GL Your work occupies an interesting location in contemporary American poetry since your poems alternate between playfulness, which is stylistically widespread, and a kind of tragic severity that I don’t see in the work of many younger poets. You also blend surrealistic techniques with mediation and disquisition, which further separates you from your contemporaries, since your use of chance language and dream imagery are not ornamental but illustrative of the inquiry at hand. Thus, it appears that your work is partially invested in the registers and tools of your poetic moment, but that you use those tools, in part, to write against and challenge prevailing trends. To what extent do you see your poetry as conflicting with said trends and sensibilities? And, more generally, what aspects of contemporary poetry do you find most exciting, and what aspects do you find most troubling and in need of critique?
TL I think one of the projects in poetry these days is to see how little can pass for poetry. There seems to be this competition: Who can extend the dadaist notion that “everything is poetry” the furthest? Sometimes this is exciting because in the course of this sort of exploration, a poet will re-enchant quotidian life, and then sometimes these poems seem like a capitulation to meaninglessness. As I said above, I like cool, trendy poetry but sometimes it depresses me. That’s why I like to cleanse my brain with Louise Gluck once in awhile, her merciless spareness. Or the fierceness of Amichai. My friend Jada likes to say, don’t play it cool, play it hot. This is a fine piece of romantic advice—it means stay vulnerable, open etc.—but it can also apply to poetry-making. There’s a disengagement with other humans that comes from too much coolness. If you’re too cool, you get cold. I suppose it depends on what you go to poetry for. Chances are it’s different things at different times. But I mostly go to poetry for a kind of intimacy with another person I can’t find in life—hence the love of poets like Dickinson.
I used to be more preoccupied with invention, hence the use of surrealistic techniques, but now I try to write poems that could have been written by anyone. I don’t want to write to the poetry world, but to everyone, friends, family, everyone . . . people who aren’t necessarily poetry readers. The existence of music, the integrity of line, and an intelligent turn of mind. Those are enough for me.
There isn’t a particular trend in poetry I am excited about, but poets yes. In particular Oni Buchanan’s Must a Violence. In particular the poem, “If You Love An Animal.” I read a poem by Filip Marinovich online the other day called “To Be Alienation,” which really knocked my socks off. Now that I think about it, both are driven by moral outrage, the latter of a self-directed sort. I also love Anthony Madrid’s first book I Am Your Slave Now Do What I Say. He plays with the forms and tropes of traditional Eastern wisdom poetry and infuses them with quirk and feeling, and wisdom, too! I am also really loving Uselysses by Noel Black. It’s hilarious. But I don’t think there’s any one thing that binds these poets. They’re all intelligent, sure, but they have radically different sensibilities.
GL So what’s new with Tanya Larkin these days? What are you reading, writing, thinking? What new projects are afoot and all that good stuff?
TL Mostly I have been trying to keep up with the band I front, Waves in Detroit. There are about five songs I need to finish by Sunday—it’s a much quicker process than poetry writing. We get together, jam, and sometimes have the kernels of four songs by the end of the night. Not all survive . . . I learned early on when I started writing songs for and with these guys a little over a year ago that I need to have conviction in the lyrics in order to actually sing them and find melodies. So this means I actually I have to write good lyrics. Also, since I have the chance to say it publicly, it is the greatest thing ever to be in a band that can rock pretty hard. Collaboration is often instantaneous and mystical. As Keith Richards says in his autobiography, the secret of rock-n-roll is that it is actually jazz.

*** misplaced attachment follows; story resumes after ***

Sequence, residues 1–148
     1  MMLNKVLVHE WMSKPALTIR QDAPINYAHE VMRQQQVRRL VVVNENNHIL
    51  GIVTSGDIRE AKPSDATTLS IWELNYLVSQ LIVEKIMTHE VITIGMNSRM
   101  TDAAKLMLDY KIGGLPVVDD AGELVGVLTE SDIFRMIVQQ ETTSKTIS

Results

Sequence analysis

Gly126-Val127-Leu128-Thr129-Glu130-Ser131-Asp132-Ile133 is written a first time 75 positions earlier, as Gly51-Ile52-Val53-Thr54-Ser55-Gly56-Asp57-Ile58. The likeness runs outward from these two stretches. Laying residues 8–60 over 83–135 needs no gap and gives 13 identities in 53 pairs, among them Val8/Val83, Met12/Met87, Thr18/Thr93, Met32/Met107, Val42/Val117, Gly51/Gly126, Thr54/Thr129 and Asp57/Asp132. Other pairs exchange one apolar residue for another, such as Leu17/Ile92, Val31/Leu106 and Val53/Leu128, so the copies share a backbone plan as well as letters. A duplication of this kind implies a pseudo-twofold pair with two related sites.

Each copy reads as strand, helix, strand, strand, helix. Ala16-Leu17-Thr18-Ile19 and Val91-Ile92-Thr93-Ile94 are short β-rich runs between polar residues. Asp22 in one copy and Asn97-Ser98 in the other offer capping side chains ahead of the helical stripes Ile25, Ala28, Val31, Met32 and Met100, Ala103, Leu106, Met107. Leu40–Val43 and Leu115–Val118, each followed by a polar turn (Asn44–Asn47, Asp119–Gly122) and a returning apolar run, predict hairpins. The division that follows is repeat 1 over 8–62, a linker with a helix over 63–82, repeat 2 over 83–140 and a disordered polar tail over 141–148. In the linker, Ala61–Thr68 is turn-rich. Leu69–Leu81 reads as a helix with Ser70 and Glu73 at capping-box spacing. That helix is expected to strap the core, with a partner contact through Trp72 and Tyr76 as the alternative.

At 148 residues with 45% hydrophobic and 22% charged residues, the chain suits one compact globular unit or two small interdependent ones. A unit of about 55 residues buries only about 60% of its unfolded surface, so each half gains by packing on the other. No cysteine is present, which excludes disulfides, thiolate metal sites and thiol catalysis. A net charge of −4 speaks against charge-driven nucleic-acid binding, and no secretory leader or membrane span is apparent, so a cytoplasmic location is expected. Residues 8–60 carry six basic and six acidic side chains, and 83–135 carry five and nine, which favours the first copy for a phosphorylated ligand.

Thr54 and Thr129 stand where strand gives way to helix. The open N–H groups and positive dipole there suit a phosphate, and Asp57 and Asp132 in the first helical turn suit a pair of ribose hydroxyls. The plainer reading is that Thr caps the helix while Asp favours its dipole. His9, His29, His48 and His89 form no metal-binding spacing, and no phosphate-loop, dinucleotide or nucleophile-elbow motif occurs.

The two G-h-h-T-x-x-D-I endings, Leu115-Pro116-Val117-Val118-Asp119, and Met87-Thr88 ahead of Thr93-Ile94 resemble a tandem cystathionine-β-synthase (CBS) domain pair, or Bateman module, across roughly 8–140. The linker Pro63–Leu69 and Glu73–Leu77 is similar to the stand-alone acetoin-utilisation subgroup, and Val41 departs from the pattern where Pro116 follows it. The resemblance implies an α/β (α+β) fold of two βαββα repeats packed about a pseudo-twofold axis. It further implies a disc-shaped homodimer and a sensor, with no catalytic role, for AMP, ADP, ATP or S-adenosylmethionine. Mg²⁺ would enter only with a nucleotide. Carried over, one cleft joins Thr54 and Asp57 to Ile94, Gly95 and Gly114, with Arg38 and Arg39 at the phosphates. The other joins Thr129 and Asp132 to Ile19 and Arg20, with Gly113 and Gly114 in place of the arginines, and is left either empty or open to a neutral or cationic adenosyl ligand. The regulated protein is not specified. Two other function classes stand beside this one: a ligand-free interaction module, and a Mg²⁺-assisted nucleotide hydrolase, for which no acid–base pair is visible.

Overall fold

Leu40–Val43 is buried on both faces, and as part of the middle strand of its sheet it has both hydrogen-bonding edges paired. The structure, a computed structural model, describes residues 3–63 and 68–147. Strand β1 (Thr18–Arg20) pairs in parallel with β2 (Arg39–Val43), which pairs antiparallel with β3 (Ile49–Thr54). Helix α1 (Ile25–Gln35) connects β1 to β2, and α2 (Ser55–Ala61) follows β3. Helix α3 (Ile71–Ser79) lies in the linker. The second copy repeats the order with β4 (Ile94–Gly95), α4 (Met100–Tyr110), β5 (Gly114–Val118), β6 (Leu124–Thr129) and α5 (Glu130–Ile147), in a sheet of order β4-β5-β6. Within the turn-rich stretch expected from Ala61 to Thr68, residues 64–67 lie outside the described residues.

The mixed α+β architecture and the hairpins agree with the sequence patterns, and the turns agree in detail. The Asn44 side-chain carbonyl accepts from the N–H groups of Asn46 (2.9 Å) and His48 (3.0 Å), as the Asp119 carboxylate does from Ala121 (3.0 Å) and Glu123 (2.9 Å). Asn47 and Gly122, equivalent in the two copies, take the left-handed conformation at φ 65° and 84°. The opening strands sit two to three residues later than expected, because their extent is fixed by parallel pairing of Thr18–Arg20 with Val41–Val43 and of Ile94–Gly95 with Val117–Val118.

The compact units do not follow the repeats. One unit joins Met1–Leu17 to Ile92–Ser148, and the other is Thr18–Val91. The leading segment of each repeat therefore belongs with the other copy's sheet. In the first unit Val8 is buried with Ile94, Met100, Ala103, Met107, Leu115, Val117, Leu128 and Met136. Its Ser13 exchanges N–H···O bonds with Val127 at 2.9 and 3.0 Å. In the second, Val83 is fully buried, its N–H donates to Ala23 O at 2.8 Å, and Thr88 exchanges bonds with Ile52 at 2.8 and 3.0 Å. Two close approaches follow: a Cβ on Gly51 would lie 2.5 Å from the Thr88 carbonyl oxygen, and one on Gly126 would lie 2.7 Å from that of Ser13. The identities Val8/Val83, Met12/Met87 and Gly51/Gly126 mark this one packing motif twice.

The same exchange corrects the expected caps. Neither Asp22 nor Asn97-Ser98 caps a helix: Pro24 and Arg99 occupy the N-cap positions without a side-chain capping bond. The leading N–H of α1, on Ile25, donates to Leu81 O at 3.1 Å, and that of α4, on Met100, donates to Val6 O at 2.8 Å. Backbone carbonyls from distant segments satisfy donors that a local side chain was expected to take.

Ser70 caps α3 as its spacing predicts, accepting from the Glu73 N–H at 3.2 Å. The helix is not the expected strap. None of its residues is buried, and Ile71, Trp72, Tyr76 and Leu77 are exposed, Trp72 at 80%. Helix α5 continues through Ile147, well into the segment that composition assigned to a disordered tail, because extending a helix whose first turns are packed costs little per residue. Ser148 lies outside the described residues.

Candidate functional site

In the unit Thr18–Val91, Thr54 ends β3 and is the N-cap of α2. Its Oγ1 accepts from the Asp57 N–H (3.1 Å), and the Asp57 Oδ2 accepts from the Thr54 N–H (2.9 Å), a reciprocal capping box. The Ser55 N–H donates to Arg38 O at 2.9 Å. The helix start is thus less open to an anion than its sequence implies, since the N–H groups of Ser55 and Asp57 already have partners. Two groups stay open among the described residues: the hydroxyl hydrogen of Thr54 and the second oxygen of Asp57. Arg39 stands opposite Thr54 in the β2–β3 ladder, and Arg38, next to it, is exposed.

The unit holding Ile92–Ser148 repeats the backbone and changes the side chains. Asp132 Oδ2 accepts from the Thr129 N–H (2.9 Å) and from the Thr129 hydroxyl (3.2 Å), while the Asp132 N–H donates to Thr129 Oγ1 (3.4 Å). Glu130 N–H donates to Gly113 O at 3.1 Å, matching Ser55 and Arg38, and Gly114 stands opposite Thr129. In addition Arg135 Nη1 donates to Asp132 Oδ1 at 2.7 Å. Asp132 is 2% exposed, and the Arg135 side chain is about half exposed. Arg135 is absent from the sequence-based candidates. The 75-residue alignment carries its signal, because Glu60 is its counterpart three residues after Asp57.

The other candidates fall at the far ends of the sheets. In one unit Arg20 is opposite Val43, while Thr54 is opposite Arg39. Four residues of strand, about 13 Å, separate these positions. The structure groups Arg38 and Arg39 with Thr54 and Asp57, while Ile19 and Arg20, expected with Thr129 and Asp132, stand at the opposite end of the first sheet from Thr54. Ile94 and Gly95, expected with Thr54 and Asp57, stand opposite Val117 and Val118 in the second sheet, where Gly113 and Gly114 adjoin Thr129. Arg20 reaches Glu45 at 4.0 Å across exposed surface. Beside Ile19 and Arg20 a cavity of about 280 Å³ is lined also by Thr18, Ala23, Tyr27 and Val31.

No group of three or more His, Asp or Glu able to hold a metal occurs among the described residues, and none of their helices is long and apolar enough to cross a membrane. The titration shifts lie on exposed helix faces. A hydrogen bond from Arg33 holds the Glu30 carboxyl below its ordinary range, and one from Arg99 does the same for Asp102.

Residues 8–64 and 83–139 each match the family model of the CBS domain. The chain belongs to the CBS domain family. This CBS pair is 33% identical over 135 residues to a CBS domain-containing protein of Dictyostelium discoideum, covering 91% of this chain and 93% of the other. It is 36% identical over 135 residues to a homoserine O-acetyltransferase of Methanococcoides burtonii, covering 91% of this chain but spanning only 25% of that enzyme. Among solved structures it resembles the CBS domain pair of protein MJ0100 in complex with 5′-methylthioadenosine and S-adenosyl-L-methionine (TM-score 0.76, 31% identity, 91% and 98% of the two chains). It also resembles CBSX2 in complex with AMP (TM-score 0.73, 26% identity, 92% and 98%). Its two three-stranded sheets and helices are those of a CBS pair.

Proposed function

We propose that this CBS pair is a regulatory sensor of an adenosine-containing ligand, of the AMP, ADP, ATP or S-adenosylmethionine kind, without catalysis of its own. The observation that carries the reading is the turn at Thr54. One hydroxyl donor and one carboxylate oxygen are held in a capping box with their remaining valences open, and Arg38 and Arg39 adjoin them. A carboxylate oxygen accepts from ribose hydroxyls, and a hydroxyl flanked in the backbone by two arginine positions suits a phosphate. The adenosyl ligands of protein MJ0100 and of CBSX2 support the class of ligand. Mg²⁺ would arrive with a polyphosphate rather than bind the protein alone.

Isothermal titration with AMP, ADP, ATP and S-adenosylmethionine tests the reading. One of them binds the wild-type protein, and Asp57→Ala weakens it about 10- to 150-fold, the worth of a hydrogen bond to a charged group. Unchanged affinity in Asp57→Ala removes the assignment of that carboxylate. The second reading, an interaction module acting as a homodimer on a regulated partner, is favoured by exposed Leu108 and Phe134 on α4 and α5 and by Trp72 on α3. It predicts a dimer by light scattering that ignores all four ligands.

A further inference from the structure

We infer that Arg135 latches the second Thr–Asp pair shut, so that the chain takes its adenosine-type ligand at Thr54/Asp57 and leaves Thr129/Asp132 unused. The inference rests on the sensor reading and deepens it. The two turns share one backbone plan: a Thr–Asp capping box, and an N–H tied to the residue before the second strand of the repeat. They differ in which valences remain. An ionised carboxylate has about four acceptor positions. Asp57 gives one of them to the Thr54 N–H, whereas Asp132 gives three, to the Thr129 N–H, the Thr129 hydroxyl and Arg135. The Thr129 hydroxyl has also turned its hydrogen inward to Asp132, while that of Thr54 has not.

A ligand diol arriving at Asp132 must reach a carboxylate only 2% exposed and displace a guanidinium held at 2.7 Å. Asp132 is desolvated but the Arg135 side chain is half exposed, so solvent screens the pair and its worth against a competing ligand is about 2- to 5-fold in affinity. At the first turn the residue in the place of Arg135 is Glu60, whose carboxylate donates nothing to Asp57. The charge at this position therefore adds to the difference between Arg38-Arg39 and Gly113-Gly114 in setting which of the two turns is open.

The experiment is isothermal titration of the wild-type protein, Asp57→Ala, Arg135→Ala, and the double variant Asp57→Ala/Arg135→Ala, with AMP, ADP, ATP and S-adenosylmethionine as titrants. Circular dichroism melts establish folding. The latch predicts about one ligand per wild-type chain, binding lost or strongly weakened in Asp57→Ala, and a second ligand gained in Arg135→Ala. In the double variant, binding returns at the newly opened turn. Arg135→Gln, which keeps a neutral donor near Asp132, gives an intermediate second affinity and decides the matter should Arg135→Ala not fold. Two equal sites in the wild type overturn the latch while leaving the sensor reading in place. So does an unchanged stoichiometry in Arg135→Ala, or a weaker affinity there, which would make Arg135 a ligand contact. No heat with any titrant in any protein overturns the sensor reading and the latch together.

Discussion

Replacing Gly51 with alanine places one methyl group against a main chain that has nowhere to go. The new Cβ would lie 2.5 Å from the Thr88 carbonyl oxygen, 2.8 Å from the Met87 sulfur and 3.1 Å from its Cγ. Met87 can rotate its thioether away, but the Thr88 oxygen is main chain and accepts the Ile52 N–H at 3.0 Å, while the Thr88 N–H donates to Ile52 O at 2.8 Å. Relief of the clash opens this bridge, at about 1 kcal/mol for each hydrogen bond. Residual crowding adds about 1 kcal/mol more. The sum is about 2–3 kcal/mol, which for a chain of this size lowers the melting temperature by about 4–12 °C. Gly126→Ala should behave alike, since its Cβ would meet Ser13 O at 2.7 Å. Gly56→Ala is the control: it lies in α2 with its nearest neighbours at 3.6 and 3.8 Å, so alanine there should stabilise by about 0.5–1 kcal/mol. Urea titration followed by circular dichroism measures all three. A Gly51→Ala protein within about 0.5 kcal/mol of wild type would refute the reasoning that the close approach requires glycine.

What I’ve been thinking and reading. I just finished a book called Love, Sex, Tragedy: How the Ancient World Shapes Our Lives by Simon Goldhill, and have started The Human Condition by Hannah Arendt. I had been working on an essay about Sappho and Bessie Smith and got interested in the emergence of the lyric and how the performance of lyric might have laid the foundation for meaningful democracy, how the recognition of personal concerns might lead to the bonding of a group or to an ever-enlarging narcissism. File this all under my worry for the future of civilization under environmental/economic threat.
I am also finishing a novel I have been finishing for a long time—I am reluctant to say how many years. Because my novel is in the first person, I tend to read lots of novels in the first person—the latest is Sheila Heti’s How Should a Person Be. There’s very little plot, but it’s funny and brilliant.
Poems have been happening though they have temporarily taken a backseat to songs—I’ll have to work on that. Some of these poems are more lyric and others more long and discursive. These essayistic ones address climate change obliquely by discussing architectural places and ruins and the ruin that language becomes when its referents disappear.
Tanya Larkin was born in Montebelluna, Italy and raised in Pennsylvania. She attended Columbia University and the Iowa Writers’ Workshop, and is a recipient of a Massachusetts Cultural Council Grant. She lives in Somerville, Massachusetts. Her poems have appeared in Conduit, Quarterly West, Ploughshares, and elsewhere.
Gregory Lawless is a graduate of the Iowa Writers’ Workshop and author of I Thought I Was New Here. His poems have appeared in such places as Third Coast, The National Poetry Review, Salamander, La Petite Zine, Zoland Poetry, and many others. His chapbook, Foreclosure, will be published by Back Pages Publishers in the spring of 2013.